• Remind your students and yourself of important dates and times!

Make sure to check on due dates for assignments, dates of exams, and when your office hours are so that you can keep reminding your students of these things.  This is information that cannot be repeated enough; someone will always forget.

  • What should I do if I run into teaching difficulties?

We all face challenging teaching experiences.  These difficulties may have to do with your development as an instructor, but could also have to do with a specific student or group of students you are teaching.  The department offers support in many different ways.  Always feel free to talk to Fabiana, Myron, the Department Head, your course coordinator, your professors, or your fellow TAs to help you assess any problems and make a plan to get support to resolve them.  As issues arise, make sure to address them and speak to someone about them so you can work towards improving your students’ learning experience and your own teaching experience.

  • How can I become a better teacher?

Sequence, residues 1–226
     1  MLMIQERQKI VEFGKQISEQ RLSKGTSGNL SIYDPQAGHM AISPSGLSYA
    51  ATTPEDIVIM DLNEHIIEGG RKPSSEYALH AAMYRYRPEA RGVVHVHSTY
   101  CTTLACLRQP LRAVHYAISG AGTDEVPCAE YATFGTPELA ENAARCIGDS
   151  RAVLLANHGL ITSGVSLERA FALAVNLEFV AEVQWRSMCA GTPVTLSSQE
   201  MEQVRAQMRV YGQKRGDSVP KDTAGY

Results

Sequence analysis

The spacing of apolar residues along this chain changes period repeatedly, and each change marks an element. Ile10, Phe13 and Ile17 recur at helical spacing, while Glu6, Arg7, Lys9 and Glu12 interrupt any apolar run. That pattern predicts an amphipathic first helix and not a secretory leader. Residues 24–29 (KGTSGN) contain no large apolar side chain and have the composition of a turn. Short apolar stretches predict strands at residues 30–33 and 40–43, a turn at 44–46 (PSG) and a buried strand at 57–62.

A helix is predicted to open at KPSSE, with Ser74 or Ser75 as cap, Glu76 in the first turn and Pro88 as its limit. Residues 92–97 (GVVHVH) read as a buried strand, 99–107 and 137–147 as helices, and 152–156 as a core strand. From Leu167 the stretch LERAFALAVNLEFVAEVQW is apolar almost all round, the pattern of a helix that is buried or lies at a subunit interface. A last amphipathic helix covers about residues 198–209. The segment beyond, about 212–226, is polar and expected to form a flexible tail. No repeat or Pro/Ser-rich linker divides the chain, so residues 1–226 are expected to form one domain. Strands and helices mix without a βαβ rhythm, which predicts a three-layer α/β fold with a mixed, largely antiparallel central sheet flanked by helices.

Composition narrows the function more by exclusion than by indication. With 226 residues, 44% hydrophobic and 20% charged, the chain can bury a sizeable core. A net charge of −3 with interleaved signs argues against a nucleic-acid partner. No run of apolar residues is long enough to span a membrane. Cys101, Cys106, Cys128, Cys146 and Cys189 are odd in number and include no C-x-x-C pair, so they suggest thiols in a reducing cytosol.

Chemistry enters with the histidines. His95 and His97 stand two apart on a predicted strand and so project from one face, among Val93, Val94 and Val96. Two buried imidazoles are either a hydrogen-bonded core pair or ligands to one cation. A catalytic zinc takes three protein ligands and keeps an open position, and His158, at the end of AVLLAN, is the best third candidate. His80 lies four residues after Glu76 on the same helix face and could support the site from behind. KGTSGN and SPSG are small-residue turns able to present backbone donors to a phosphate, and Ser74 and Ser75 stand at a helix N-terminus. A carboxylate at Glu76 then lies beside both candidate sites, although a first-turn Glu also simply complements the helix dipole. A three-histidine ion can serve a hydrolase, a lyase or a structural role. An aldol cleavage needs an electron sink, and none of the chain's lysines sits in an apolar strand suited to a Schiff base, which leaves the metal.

Get a good start through Math 5000.  Get course feedback from your students — you don’t have to wait until evaluations at the end of the semester.  Invite an experienced TA or faculty member to come observe you and give feedback.  Go observe more experienced TA’s (perhaps your TA Mentor, if you have one), or ask to observe a well-regarded instructor — we have many!  Attend a workshop or take part in a program offered by ITL through their Teaching Assistant Programs.  Read about teaching: some great tips and further reading are available from Chuck Vinsonhaler, Professor Emeritus.  Bruce Reznick also has advice for a new math TA.  Don’t want to read too much?  Check out the highlights in a poster.  In general, relax, practice, and enjoy it.  Enthusiasm and a genuine desire to help your students can take you very far.

  • What should I do about cheating?

UConn students are bound by the UConn Academic Integrity Code; however, cheating may happen. General guidelines are available; however, every situation is different. If cheating is suspected, document suspected cases and communicate with your course coordinator or David Gross who will help you deal appropriately with the situation.